One interesting finding (Spinello & Pinto, 1994; Schneider & Dube, 2005) is that students formed more elaborate narratives when they were not shown picture cues.  Use of picture cues resulted in less elaborate narratives, and those that were more informal rather than what would be expected in a written narrative.
In addition to the elicitation-dependent measures, text-dependent measures were also found to be important.  Students have been found to more reliably remember specific details if the narrative or story presented to them is a more complete episode, than if they hear only fragments of information in less structured contexts.  And if the episode tells about the characters’ goals, motivations, and feelings, students are more likely to remember and retell parts of the story.
In discussing clinical implications of the studies reviewed, Boudreau reminds clinicians to understand the impact of the method they choose to elicit narratives and the types of scaffolding supplied to maximize narrative production.  Clinicians should vary the types of narrative tasks they provide in intervention, so that students can take advantage of the scaffolding of different styles of narratives.  Of particular importance is understanding and use of the causal network that underlies a story.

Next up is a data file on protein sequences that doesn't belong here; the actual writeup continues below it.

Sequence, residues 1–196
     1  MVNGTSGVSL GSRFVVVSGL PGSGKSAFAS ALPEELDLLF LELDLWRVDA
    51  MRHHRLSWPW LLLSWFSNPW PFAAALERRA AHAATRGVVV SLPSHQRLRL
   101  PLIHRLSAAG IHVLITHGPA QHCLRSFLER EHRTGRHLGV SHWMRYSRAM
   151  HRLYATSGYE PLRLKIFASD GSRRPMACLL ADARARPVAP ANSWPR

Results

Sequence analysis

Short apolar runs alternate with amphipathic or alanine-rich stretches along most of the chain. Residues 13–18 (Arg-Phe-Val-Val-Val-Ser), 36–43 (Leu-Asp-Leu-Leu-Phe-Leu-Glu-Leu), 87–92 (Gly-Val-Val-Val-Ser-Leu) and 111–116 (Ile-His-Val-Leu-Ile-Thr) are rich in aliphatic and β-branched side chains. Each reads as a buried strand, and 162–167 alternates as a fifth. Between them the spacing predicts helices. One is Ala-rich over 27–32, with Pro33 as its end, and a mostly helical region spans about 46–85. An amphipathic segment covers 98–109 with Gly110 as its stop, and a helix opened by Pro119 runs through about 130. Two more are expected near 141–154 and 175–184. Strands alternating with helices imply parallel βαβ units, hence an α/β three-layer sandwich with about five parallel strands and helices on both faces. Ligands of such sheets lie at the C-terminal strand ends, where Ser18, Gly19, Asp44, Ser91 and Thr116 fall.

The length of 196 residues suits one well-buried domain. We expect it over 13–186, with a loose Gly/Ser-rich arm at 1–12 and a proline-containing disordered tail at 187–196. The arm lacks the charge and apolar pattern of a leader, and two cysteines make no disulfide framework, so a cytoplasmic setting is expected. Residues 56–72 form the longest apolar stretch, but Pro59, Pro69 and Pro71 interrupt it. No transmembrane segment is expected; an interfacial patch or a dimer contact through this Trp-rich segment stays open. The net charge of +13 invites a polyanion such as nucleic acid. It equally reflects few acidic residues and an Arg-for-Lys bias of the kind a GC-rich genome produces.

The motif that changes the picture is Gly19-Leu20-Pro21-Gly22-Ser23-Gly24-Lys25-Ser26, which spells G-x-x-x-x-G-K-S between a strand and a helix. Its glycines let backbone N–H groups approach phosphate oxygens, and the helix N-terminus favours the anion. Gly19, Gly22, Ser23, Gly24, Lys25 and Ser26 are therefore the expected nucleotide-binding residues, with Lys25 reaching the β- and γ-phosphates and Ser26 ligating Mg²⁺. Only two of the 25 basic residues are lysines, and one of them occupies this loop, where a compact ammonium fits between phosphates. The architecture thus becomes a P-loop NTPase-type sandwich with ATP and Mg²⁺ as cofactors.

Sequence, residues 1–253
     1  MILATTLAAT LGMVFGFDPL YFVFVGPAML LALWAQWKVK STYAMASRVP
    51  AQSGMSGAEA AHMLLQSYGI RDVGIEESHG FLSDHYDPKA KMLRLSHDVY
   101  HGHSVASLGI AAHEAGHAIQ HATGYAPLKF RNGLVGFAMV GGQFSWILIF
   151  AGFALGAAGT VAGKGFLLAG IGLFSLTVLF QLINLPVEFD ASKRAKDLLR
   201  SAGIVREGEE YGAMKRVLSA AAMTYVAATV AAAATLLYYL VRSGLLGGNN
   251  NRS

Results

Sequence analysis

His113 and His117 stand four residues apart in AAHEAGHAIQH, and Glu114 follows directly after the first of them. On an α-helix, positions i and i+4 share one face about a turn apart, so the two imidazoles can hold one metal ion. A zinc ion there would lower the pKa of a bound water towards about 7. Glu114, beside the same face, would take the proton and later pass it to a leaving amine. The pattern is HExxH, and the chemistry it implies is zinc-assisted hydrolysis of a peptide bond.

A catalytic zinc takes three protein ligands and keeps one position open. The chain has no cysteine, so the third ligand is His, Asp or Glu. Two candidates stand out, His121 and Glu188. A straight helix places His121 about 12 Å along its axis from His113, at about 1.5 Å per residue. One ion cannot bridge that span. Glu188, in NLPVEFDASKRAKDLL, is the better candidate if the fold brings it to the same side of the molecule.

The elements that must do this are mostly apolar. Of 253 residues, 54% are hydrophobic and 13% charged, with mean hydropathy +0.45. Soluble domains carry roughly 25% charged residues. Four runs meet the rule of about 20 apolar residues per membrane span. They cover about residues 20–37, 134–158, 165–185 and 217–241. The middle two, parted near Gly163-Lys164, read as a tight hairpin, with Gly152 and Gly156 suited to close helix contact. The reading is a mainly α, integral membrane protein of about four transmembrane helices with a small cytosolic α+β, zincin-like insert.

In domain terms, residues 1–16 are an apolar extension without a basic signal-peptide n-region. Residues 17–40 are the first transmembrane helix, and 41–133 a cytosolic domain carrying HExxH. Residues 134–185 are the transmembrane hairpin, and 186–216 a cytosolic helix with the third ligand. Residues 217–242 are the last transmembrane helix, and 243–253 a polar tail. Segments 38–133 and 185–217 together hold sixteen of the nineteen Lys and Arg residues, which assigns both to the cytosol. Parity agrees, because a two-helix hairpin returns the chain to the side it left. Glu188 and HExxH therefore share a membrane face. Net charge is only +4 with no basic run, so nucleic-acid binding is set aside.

Also important for clinical practice is parental/caregiver training that strengthens parents’ - especially mothers’ -  strategies used to elicit responses.  Talking about daily experiences, using open-ended questions, describing things, and listening carefully are listed among the parental activities that strengthen children’s narratives.
Boudreau also cites studies that have shown that explicit, structured teaching of story grammar enhances students’ understanding and use of these elements in their narratives.
They key take-aways from this article that reviewed research about narrative abilities and the impact of various intervention types on narrative abilities?
  1. Narrative skills improve when directly targeted in structured intervention
  2. Teaching specific story mapping or story grammar elements is an effective therapy strategy
  3. Providing scaffolding in the narrative production of very young children shows an impact in later academic years.
I encourage all SLPs working with children to remember to include narrative skills in their evaluation processes, and to use more than 1 type of elicitation technique; and to include specific structures of narrative style and story grammar in their therapy plans.

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Susan Berkowitz, M.S.,C.C.C., M.Ed. has been a speech-language pathologist for 40 years. She has worked in a variety of settings, both as a SP and as an administrator. She speaks at local, national, and international conferences, and has published research in peer-reviews professional journals. She is currently the Director of Print Content at 

Boudreau, D. (2008). Narrative Abilities: Advances in Research and Implications for Clinical Practice. TLD (28:2) 99-114

Hughes, D. et al. Guide to Narrative Language: Procedures for Assessment. Eau Claire, WI; Thinking Publications

Schneider, P. & Dube, R.V. (2005) Story presentation effects on children’s retell content; Amer. Journal Speech-Language Pathology, 14, 52-60.

Spinello, A.G., & Pinto, G.  (1994). Children’s narratives under different conditions: A comparative study. British Journal of Developmental Psychology, 12, 177-193.